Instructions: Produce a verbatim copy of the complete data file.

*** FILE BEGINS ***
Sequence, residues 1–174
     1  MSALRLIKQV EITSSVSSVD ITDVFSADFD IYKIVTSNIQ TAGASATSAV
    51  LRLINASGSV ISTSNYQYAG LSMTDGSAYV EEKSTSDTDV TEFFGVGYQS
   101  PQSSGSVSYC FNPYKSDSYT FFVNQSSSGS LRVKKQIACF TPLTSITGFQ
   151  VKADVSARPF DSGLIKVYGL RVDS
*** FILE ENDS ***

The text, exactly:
Sequence, residues 1–174
     1  MSALRLIKQV EITSSVSSVD ITDVFSADFD IYKIVTSNIQ TAGASATSAV
    51  LRLINASGSV ISTSNYQYAG LSMTDGSAYV EEKSTSDTDV TEFFGVGYQS
   101  PQSSGSVSYC FNPYKSDSYT FFVNQSSSGS LRVKKQIACF TPLTSITGFQ
   151  VKADVSARPF DSGLIKVYGL RVDS